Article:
Your photos can be used for:
- A photo contesto.
- An exhibition in a festival.
- A gallery or exhibition
- Social media networks
- A magazine.
- A personal photo album.
- A commercial photo book.
- A website
There are many reasons. But the most important thing for you is to know what yours is. If you do not know what you are going to do with your flat raw images, then you will easily feel drowned in the later stages of processing. When you are in the field for shooting, you will take everything that comes your way. Sometimes you will miss the light, or the scene itself, or you may not capture an essential expression of your subject. In short, your photos will have no impact.
Once you have defined the purpose of your photos and their usefulness, you need to understand the rules that govern your project.
For example, if you are taking pictures for a contest, you need to know the criteria and who the jury is going to be. Look at the winning photos from previous years.
If you are taking pictures for an exhibition at a festival, you need to know what kind of pictures are wanted. You need to know the purpose of the festival.
Every time is different. A competition photo may not be suitable for a festival photo. A photo for a gallery is not a festival photo.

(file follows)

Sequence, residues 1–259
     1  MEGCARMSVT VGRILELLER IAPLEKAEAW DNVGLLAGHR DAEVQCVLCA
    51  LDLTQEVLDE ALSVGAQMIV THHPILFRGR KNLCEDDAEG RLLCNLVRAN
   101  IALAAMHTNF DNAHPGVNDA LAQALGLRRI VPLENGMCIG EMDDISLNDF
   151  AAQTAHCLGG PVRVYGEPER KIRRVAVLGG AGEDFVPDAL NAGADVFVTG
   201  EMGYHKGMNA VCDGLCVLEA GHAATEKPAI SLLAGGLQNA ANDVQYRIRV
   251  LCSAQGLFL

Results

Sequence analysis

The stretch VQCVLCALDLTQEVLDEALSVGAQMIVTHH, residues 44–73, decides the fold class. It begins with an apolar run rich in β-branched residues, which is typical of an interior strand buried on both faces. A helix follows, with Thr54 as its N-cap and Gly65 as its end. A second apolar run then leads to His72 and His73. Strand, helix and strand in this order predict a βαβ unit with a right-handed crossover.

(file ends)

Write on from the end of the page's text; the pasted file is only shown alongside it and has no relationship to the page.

Be concerned about the purpose of your photos. They will be better recognized if they are shown to the right audience in the right setting.
Tip #3: Stand Out, Create Photos that Look Like You
If you want to create photos that are different from other photographers, then you just need to make photos that look like you.
You are a human being with unique qualities, emotions, and an irreplaceable personality. Each human being is different from his neighbor. If you manage to analyze yourself, understand yourself and take pictures that correspond to you, then your pictures will be quite different from others.
Will they be interesting? That is a good question. The answer is simple. They will be interesting if you are interesting. If you are boring, your photos will be boring. They will not interest many people. Maybe you yourself will not like them. It is up to you to change, to understand yourself better and become different.
Creating unique photos will allow you to stand out and be noticed in the photographic noise. By photographic noise, I mean all the photos that are published every day and have no interest. Yet they are there. They generate a huge hubbub, a totally inaudible background noise. The only way to be heard, to be noticed, is to create different photos: photos that look like us.